It isn't for everyone, but it isn't all that mysterious, either. I think this is the best article I've read on the subject in a long time. It's basic, it's friendly and it's realistic. Perfect for forwarding on to your homeschool-curious friends.
"At one end of the spectrum, there are families who take a child's curiosity and interest in a topic and help the child explore the topic. The idea is that, in any area of interest, there are opportunities to explore math, science, history, geography, etc. Those concepts are woven into the child's natural exploration of a topic. Over time, all of the topics covered in "normal" schooling get covered, but they happen in a much different order and at the child's own pace."
"At the other end of the spectrum, there are families who buy all of the books and follow the state curriculum just like a normal school would. The material is simply taught at home in a smaller setting."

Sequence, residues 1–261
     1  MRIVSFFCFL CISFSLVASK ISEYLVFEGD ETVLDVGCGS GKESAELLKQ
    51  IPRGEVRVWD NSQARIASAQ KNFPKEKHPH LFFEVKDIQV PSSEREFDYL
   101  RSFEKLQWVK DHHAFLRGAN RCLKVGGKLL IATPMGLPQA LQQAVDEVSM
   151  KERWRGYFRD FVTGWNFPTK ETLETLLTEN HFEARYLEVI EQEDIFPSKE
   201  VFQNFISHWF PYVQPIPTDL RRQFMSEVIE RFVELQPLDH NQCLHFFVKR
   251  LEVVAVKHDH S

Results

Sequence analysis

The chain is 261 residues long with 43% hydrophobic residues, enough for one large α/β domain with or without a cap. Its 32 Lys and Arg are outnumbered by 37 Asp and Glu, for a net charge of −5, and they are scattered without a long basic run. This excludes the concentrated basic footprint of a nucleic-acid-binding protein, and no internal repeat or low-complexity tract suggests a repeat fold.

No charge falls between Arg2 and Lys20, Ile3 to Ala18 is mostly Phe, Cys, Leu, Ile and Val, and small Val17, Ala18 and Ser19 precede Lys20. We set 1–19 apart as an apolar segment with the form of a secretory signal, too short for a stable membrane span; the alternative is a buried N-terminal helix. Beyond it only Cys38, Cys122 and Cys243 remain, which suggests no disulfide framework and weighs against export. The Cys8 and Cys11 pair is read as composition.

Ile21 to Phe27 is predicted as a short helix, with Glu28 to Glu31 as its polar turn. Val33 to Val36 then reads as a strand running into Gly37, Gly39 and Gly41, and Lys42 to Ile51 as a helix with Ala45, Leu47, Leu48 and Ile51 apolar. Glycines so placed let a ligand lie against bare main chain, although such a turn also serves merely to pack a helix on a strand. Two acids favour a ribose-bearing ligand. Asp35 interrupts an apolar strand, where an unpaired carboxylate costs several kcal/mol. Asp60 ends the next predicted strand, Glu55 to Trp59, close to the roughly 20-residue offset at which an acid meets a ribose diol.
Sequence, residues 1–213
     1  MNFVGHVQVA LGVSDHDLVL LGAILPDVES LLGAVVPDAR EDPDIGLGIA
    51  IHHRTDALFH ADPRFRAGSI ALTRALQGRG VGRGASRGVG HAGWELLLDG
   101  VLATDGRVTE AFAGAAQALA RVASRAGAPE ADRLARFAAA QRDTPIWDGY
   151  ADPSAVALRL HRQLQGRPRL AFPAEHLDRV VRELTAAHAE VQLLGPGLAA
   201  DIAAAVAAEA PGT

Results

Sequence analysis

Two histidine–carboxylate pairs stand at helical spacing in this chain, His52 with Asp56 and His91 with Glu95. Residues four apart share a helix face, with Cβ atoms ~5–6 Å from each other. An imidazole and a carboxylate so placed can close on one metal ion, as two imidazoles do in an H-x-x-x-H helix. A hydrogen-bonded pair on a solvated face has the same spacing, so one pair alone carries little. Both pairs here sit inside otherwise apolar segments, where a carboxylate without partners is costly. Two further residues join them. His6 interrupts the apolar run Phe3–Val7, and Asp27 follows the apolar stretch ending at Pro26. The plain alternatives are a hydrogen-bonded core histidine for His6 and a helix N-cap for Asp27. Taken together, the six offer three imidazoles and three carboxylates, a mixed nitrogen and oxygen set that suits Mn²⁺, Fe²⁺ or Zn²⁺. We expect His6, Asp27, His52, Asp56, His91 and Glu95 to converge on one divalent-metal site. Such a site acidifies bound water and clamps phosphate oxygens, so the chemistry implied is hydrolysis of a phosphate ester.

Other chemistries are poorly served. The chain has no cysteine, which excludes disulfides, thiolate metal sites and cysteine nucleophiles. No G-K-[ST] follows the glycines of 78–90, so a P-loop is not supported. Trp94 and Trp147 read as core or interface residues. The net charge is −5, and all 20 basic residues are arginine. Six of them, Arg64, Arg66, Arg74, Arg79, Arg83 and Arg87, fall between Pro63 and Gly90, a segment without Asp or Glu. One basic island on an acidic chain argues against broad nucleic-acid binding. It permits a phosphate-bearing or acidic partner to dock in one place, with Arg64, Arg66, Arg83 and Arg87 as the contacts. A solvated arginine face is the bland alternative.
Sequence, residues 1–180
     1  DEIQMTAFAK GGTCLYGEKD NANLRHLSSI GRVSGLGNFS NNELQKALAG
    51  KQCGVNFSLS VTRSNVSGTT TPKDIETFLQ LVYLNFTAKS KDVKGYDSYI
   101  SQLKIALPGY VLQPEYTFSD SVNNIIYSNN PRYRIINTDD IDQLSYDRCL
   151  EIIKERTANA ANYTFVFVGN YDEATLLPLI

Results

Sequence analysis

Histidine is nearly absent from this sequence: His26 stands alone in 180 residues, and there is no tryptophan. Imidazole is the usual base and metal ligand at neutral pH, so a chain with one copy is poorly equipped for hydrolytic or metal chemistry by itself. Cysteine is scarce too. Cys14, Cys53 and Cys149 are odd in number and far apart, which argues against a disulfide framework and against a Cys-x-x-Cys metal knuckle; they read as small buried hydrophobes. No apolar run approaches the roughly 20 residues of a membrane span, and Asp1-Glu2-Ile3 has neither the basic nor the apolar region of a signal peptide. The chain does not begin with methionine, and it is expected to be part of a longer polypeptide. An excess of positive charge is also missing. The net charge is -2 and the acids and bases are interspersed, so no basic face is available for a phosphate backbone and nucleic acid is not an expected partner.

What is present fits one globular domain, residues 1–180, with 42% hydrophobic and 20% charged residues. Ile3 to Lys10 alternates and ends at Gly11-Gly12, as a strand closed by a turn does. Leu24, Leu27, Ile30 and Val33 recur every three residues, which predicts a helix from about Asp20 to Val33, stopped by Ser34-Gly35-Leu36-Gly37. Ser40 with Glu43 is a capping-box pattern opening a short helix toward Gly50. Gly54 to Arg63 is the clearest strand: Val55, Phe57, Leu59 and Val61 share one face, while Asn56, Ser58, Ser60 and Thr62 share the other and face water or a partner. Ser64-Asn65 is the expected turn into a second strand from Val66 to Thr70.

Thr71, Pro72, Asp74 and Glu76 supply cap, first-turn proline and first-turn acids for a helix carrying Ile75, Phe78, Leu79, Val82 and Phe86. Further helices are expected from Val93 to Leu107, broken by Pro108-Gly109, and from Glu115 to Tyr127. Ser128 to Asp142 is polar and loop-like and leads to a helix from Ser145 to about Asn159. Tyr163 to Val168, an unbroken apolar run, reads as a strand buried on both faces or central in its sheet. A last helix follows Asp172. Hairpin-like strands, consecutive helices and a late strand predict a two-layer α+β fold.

I suppose a third group of parents are like me. We buy two different kinds of curriculum. We want to get every activity done in BOTH SETS done over the course of the year. We also want to take several weeks off at a time to find out about bugs or octopi or whatever. Then we wonder why we're so far "behind" on everything. I can just imagine my children applying to college in about ten years and proudly informing the admissions officer that they've just completed the fifth grade curriculum and are ready for classes in September.